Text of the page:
Dog Behaviour – What is Trigger Stacking?
This is a subject close to my heart because I have had a lot of adopted and rescue dogs that have suffered with nervousness and stress – brought on by exposure to various triggers; ( that is, something that causes the dog to experience, stress or fear).
A trigger which causes a dog to display signs of fear or stress can be unique to each dog, although there are common ones such as fireworks, strange people or dogs, visits to the vet, etc. Other things might include walking in busy areas they have not experienced before – in the case of my dog; a visit to a beach which she had never done before. Many dogs will have a unique set of triggers.
Each dog will also have a coping level, or ‘threshold’, as it is known in the field of behaviour. This threshold represents the point at which a dog can no longer cope with feelings of stress or arousal. In human terms we would describe it as being, ‘pushed over the edge’.
In dogs, once this point is reached they will enter a state of ‘fight’, ‘flight’ or ‘freeze’. Some dogs may react aggressively (fight), others may bolt or attempt to pull out of their harness, or collar (flight), while some will simply shut down (freeze). During any of these states it will be impossible to distract the dog and in most cases they will not take food or direction of any kind.
Crucially, this ‘threshold’ may be reached more quickly in some dogs than in others. While some dogs may freak out at a dog in the distance, others may only reach breaking point when they have been tormented too long by a young child, for example.
But, what is ‘trigger stacking’?
This term refers to when a dog is subjected to many triggers all at the same time, or one after the other in quick succession. While many dogs can cope easily with one or two triggers, once they begin to stack up, the dog can enter the fight, flight or freeze state. These triggers may not always be negative, but if they cause the dog to be highly aroused, this then impacts on other stressors. If a dog gets excited by being around other dogs, but is fearful of men – he may bite more readily if he has been aroused by playing with dogs in the park and is then approached suddenly by an unfamiliar male stranger.
When dogs are exposed to a trigger, their bodies activate a hormonal and neurological response. Not surprisingly, this effect can last for many hours after a stressful event and even longer if the dog has experienced many triggers all in one go. Dogs can even react to trigger stacking if they are exposed to events over a number of days, so you can see how stress can add up over time and potentially create allsorts of behaviour issues in some individuals.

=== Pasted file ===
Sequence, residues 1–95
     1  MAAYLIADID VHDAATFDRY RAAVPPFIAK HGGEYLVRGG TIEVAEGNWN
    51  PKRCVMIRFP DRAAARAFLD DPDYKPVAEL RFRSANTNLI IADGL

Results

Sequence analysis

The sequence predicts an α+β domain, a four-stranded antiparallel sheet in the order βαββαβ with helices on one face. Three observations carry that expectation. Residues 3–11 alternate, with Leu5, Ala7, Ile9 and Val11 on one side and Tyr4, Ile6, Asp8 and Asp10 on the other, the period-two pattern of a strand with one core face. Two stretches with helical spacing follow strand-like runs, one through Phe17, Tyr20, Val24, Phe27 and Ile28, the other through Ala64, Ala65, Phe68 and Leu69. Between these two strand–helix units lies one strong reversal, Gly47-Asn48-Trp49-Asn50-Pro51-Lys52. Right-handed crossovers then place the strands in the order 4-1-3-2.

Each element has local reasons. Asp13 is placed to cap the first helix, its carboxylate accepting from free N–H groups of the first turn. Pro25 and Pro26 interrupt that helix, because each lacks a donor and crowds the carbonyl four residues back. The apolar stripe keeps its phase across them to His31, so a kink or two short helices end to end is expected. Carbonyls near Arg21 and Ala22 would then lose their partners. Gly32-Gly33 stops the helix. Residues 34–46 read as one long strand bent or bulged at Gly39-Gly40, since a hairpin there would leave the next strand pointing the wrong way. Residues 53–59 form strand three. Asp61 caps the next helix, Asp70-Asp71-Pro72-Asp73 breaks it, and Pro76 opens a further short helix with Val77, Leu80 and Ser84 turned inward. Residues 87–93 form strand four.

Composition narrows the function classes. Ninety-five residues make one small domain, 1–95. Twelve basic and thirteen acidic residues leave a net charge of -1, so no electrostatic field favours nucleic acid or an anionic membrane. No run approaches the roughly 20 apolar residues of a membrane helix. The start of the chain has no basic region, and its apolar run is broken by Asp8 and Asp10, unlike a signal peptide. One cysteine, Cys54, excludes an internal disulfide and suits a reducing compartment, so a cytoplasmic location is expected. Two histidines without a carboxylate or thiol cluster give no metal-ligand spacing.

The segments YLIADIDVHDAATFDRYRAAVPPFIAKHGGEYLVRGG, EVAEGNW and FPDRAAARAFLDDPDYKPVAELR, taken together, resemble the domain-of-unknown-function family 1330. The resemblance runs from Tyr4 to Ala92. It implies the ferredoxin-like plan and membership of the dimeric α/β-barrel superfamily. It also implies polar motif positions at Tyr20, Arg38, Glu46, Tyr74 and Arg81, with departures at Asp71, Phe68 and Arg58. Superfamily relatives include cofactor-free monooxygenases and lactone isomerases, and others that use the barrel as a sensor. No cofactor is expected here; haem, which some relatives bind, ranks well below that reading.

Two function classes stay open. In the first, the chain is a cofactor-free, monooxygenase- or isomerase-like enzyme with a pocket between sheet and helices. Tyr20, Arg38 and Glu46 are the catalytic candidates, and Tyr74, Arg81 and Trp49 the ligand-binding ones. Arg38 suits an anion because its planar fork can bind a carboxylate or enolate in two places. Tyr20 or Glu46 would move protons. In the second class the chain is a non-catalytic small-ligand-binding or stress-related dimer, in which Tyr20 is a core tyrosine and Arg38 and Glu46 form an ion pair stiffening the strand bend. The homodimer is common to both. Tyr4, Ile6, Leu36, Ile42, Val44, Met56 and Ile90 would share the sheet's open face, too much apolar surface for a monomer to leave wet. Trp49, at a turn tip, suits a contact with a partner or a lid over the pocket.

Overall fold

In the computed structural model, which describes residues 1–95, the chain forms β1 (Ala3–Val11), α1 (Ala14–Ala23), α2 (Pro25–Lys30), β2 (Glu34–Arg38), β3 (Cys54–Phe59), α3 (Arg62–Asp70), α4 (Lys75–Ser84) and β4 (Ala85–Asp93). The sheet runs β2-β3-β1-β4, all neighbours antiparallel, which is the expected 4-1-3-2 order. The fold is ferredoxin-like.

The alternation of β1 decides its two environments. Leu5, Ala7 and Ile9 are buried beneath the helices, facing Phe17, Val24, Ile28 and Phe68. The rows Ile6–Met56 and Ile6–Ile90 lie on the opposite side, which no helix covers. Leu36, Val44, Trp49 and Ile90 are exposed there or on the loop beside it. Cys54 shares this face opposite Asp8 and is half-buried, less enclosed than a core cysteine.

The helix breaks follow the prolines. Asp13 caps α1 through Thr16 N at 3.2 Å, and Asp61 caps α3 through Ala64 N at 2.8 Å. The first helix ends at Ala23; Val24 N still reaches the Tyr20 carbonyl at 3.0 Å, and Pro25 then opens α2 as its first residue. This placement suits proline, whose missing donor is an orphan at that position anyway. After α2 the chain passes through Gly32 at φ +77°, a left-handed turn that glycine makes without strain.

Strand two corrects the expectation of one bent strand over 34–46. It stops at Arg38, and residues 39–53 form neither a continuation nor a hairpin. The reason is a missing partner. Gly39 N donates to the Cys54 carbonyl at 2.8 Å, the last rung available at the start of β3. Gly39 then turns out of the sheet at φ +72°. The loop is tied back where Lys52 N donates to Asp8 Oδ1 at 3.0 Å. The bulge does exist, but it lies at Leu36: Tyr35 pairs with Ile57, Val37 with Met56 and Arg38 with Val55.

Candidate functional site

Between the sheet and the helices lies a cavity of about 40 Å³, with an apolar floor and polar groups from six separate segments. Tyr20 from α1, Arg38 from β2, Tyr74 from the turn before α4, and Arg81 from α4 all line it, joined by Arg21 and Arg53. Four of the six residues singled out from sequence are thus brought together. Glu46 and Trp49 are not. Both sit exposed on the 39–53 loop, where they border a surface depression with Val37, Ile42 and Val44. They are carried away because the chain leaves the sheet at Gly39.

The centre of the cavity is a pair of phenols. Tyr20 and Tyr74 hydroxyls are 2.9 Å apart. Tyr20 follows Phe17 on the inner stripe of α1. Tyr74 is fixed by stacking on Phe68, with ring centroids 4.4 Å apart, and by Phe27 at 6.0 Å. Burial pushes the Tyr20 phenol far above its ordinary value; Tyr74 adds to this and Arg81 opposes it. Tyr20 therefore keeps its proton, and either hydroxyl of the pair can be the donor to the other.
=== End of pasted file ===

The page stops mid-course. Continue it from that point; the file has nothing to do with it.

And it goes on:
This explains why some dogs can appear unpredictable in their reactions – you may have heard many dog owners exclaim, “He’s never done that before!” about an aggressive outburst. This may be the case, but it shows that the dog only coped or tolerated a particular situation or trigger, he just didn’t have enough triggers occur beforehand to push him over the edge.
Consider the example of a dog walking down a busy street. He appears to have always coped with this, but then he experiences heavy traffic such as thundering lorries, which he is very unsure about. He then has to pass several strangers of which he is uncomfortable with. Then he sees another dog, which he likes, but this further increases his arousal levels. Finally, an unfamiliar person walks up close to him. This pushes him over the edge and he reacts aggressively.
Once these principles of trigger stacking are understood, it is easy to see how you can begin to manage situations and prevent your dog from ever reaching his coping threshold. For people, with reactive dogs like mine, it’s an important concept to get to grips with, as understanding it, can help your dog to cope with the human world much better. Remember also, that it is not just negative experiences that can raise arousal levels, (like noisy traffic), but also things the dog enjoys such as playing with other dogs.
When it has already got to the point that your dog has reached his threshold, bear in mind that your dog has probably been feeling uncomfortable for some time before that. Not all dogs behave this way; some dogs are more bomb proof and have very high coping thresholds, but all dogs will benefit from owners who always consider their dog’s mechanisms for coping in different situations and crucially, prevent them from encountering negative experience which may influence their future ability to deal with difficult situations.